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    Debussy can get a bit "foggy" for my tastes as well. Sometimes it's cool... but in high doses, it can cause issues.

    Ravel is sooooo much cooler. I particularly enjoy the toccata from Le Tombeau de Couperin... it's totally not "foggy" in just about every way.

    ... but now I'm off topic ...

    *runs away*
     
  11. Terez

    Terez New Member

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    I got to see another recital tonight, this time by a guest artist that one of our piano faculty went to school with at Eastman. Her name is Lina Morita, and she's Brazilian-Japanese (interesting combo there), and she was raised in Brazil. As you would expect out of anyone with a doctorate from Eastman, everything on the program was played damn near perfect, and I found her playing to be very sensitive as well. This was a top-notch performance. Here's the program:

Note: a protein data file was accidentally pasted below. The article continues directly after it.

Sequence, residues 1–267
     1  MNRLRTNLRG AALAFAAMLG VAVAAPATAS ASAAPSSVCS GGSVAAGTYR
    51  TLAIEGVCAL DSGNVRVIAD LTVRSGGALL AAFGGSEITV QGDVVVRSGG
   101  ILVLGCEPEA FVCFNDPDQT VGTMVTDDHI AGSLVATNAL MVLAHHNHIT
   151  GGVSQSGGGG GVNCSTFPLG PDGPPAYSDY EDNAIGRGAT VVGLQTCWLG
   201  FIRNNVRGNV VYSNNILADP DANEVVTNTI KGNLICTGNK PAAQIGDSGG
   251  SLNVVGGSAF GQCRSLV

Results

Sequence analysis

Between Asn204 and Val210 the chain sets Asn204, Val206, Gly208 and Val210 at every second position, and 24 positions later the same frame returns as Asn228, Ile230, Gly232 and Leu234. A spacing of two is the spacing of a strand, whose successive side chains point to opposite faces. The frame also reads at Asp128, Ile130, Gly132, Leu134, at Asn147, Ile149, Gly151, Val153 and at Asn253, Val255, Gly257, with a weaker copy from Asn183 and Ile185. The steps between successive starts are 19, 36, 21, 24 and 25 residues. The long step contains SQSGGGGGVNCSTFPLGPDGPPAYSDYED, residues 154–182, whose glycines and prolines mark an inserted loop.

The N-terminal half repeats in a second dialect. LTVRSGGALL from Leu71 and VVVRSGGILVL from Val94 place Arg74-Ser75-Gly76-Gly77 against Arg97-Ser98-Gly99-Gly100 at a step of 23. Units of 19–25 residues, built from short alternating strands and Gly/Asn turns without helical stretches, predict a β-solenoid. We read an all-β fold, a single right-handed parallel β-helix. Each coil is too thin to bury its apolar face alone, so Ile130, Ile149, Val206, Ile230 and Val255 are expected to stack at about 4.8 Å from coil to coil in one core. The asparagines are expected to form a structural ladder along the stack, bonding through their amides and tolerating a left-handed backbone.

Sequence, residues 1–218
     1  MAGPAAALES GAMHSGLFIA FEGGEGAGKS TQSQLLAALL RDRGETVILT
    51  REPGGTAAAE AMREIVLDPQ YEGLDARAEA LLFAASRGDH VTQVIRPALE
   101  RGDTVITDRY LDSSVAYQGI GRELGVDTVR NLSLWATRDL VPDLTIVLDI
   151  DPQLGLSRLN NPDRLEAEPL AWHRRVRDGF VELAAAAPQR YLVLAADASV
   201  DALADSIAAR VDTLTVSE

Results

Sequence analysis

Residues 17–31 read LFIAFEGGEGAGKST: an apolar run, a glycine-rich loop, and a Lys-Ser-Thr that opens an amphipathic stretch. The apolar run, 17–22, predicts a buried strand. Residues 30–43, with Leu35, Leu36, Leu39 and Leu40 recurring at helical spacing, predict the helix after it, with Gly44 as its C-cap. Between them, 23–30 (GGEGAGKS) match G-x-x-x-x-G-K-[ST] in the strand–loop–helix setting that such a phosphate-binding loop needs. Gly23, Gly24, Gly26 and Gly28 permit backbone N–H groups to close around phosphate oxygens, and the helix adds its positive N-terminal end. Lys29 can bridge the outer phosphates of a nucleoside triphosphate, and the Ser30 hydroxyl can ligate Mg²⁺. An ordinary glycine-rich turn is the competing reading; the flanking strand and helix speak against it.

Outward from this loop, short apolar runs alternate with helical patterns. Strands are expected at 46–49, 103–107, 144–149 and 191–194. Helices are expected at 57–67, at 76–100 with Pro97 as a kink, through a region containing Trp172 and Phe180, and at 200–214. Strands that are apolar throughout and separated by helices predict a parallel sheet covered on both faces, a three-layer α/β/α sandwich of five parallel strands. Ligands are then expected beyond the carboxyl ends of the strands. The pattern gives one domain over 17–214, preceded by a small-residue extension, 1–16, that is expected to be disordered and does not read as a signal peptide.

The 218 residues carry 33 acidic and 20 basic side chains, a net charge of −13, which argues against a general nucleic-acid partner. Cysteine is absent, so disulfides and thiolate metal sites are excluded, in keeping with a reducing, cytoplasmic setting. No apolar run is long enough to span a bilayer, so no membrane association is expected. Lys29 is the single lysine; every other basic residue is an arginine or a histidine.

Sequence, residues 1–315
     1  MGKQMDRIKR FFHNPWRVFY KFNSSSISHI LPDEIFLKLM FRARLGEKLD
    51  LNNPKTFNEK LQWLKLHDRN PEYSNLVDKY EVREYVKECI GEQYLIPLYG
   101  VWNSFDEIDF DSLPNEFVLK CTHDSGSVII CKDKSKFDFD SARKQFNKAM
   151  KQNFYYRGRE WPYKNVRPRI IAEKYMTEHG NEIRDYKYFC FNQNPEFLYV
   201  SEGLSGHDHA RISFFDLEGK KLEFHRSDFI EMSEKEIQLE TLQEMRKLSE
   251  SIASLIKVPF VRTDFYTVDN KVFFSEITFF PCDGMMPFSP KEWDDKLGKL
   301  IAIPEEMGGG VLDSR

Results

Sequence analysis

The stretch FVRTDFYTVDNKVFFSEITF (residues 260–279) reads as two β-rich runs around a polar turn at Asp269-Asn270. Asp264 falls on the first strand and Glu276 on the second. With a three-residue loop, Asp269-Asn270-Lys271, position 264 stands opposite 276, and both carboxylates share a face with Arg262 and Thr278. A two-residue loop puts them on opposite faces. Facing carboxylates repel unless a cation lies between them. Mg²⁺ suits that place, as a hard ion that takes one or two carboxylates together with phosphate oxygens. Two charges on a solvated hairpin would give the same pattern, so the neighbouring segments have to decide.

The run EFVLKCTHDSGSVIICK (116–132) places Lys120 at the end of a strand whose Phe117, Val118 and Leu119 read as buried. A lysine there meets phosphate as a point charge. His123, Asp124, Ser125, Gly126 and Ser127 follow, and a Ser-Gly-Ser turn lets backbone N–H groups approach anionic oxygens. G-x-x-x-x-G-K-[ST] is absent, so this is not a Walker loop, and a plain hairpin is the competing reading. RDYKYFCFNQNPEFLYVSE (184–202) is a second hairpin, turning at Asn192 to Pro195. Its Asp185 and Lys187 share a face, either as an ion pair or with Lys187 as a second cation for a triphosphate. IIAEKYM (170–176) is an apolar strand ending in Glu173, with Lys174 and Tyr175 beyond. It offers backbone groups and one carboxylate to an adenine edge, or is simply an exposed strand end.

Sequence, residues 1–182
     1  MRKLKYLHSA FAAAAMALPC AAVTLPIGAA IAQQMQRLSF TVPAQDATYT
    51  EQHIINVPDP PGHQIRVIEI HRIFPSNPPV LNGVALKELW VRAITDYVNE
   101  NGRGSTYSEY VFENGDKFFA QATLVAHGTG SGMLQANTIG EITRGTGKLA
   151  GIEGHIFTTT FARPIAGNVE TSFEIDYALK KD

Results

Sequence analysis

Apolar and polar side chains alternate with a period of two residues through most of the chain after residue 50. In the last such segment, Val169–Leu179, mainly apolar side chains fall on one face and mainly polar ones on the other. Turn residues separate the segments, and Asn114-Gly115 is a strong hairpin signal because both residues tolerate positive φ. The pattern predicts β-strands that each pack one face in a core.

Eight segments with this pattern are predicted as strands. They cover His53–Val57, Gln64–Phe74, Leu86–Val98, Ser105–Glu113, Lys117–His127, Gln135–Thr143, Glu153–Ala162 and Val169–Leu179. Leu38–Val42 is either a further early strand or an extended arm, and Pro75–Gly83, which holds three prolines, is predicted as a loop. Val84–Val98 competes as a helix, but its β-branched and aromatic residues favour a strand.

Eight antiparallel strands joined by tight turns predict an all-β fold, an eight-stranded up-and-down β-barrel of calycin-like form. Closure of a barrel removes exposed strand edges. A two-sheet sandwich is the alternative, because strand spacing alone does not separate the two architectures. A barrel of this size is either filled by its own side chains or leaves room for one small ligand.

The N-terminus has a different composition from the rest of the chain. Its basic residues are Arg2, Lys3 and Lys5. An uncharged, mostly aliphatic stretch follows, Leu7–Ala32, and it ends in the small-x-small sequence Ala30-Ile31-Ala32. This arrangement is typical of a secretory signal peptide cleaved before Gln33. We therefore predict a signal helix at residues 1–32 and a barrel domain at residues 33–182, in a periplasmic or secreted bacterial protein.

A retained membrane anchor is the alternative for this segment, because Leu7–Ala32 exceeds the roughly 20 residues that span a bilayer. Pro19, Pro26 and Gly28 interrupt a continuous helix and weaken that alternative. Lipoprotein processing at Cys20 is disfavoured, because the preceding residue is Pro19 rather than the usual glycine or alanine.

Granados, Spanish Dances #s 1 (Minueto: Allegro), 2 (Oriental: Andante), and 5 (Andaluza: Andantino, quasi Allegretto)

    Beethoven, Sonata Op. 31 No. 3

    Debussy, Images Bk. 1, #s 1 (Reflets dans l'eau), 2 (Hommage a Rameau), and 3 (Mouvement)

    Villa-Lobos, Festa no Sertao, from Ciclo Brasileiro

    Scriabin, Sonata #4

    I have nothing but good to say about the performance, so I'll just give my impression of the repertoire.